Used with an ApplyAction of RetryWithForceWrite to force the application of a change that failed because of a conflict or an error. For more information, see How to: Handle Data Conflicts and Errors.

sync_row_count

Returns the number of rows that were affected by the last operation at the server. In SQL Server databases, @@ROWCOUNT provides the value for this variable. A row count of 0 indicates that an operation failed, typically because of a conflict or an error. For more information, see How to: Handle Data Conflicts and Errors.

sync_initialized

Returns whether the current synchronization is the initial synchronization (a value of 0), or a subsequent synchronization (a value of 1).

sync_table_name and sync_group_name

Used if you must specify a table name or group name in a query.

sync_batch_count, sync_batch_size, and sync_max_received_anchor

Used if you batch changes. For more information, see How to: Specify the Order and Batch Size of Changes.

sync_session_id

Returns a GUID value that identifies the current synchronization session.

The following code examples show how to use session variables when you are synchronizing the Vendor table in the Sync Framework sample database.

Key Parts of the API

This section provides code examples that point out the key parts of the API that involve session variables. The following code example specifies a query for the SelectNewAnchorCommand property, which sets the value for the sync_new_received_anchor variable. This value is used by the synchronization commands that select changes from the server database.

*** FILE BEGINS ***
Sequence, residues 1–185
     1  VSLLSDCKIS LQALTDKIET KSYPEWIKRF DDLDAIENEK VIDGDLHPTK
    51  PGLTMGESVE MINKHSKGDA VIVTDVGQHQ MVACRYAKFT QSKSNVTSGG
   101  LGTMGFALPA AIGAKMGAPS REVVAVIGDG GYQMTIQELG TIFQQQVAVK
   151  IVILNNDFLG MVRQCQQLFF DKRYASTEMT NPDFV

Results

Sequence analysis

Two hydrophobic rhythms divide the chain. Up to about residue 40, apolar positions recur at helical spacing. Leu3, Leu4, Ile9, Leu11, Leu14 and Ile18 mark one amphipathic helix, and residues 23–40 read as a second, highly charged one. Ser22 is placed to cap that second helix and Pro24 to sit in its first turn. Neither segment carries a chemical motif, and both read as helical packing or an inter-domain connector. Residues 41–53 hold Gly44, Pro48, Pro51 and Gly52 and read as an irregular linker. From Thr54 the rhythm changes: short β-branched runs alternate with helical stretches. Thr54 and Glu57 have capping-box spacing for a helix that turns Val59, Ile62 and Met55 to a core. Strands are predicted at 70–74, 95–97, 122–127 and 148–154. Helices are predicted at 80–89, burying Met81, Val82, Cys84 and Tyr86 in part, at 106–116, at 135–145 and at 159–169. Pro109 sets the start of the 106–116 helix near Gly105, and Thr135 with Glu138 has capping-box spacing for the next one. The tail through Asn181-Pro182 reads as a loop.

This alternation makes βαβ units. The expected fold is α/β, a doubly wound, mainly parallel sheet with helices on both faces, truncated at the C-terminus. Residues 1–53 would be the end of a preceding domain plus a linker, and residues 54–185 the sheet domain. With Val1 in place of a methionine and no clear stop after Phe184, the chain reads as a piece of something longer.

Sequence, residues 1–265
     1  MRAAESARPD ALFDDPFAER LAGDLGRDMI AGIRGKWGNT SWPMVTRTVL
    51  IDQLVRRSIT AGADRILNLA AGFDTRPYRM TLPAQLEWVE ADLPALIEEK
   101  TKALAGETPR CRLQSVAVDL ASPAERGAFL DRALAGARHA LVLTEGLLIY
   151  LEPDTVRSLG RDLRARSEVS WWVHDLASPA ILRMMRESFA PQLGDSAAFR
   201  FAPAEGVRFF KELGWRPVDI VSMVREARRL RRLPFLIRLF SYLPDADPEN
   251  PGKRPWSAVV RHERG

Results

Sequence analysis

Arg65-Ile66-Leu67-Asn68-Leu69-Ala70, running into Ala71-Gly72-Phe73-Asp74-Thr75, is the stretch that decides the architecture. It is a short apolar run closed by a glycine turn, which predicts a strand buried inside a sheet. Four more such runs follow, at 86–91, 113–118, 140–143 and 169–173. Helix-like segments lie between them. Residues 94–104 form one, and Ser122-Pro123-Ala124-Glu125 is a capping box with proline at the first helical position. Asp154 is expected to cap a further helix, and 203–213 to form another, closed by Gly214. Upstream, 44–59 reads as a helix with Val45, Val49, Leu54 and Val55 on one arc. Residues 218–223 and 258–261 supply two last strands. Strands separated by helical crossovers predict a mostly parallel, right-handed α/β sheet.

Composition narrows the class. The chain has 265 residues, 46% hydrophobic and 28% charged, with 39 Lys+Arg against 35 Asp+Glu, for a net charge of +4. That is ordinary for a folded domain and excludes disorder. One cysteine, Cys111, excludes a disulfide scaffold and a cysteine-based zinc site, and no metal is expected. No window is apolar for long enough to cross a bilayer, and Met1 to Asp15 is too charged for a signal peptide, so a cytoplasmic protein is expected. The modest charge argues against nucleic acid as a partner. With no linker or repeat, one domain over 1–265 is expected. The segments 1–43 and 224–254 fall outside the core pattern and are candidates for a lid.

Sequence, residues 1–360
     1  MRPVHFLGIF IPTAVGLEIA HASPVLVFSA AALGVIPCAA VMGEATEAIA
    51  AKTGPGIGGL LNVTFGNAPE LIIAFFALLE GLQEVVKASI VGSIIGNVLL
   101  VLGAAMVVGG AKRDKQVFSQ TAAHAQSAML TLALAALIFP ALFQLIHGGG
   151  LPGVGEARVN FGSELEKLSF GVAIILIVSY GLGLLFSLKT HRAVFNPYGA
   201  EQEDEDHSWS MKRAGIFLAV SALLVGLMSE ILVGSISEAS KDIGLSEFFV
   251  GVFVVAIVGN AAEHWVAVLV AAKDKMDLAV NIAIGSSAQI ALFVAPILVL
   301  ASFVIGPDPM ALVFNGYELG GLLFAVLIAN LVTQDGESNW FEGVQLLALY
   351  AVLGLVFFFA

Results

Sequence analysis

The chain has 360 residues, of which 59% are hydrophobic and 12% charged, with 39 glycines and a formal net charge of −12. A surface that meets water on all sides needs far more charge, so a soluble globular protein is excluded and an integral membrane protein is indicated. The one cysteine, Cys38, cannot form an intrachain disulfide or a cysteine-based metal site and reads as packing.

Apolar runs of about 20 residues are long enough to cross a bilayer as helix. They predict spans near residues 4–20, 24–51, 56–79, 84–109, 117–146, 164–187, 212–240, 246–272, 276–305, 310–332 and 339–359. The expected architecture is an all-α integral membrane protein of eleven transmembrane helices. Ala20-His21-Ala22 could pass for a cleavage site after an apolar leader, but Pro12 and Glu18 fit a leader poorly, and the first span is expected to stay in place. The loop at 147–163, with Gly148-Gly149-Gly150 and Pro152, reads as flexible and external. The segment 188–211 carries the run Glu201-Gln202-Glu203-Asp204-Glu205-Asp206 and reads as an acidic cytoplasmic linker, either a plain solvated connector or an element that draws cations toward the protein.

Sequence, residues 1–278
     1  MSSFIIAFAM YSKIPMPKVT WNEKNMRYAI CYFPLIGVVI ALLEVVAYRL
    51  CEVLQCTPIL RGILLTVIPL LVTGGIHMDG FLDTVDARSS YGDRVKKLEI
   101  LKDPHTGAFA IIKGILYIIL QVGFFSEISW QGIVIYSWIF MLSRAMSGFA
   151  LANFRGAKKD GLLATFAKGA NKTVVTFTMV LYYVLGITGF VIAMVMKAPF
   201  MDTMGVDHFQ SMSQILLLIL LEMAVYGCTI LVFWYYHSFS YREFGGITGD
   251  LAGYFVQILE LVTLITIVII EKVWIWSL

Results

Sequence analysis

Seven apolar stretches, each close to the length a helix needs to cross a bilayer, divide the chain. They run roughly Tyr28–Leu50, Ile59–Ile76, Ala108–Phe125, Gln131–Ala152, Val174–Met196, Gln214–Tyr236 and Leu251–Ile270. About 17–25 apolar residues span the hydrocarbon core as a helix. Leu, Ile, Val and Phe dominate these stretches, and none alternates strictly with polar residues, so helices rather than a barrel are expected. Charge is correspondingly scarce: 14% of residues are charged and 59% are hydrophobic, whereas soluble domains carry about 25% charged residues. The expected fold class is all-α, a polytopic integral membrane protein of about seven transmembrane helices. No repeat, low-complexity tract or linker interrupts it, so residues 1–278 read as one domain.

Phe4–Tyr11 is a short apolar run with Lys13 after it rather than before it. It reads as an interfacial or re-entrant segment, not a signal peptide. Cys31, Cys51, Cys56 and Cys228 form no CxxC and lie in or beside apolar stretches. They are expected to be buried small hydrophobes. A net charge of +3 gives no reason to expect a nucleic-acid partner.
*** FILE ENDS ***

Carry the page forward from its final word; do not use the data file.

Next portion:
The following code example specifies a command to select incremental updates from the server to apply to the client. The command includes anchor variables and the sync_originator_id variable. The value for the sync_originator_id variable is supplied by the query that is specified for the SelectClientIdCommand property. This query and property are described at the end of this section.

The following code example specifies a command to apply updates from the client to the server. In addition to anchor and ID variables, this command includes the sync_force_write and sync_row_count variables.

The following code example specifies a command to select incremental deletes from the server to apply to the client. In addition to anchor and ID parameters, this command includes the sync_initialized variable. In this case, rows are selected from the tombstone table only if this is a subsequent synchronization. Rows in the tombstone table are not relevant during an initial synchronization.

The following code example specifies a command to map a client ID to an originator ID. This is not required, but it can be useful to use an integer to represent a client instead of the GUID that Sync Framework uses. The stored procedure is described in the next code example.

The following code example creates a mapping table and stored procedure to read from and populate the table. The stored procedure takes a client ID (a GUID) as an input and returns an originator ID (an integer). A mapping row is inserted for the server, and additional rows are added as new clients synchronize. After a client synchronizes once, the mapping table contains an entry for this client. Because the SyncAdapter commands use the originator ID, tracking columns in the Vendor table are of type int instead of uniqueidentifier.

Complete Code Example

The following complete code example includes the code examples that are described earlier and additional code to perform synchronization. The example requires the Utility class that is available in Utility Class for Database Provider How-to Topics.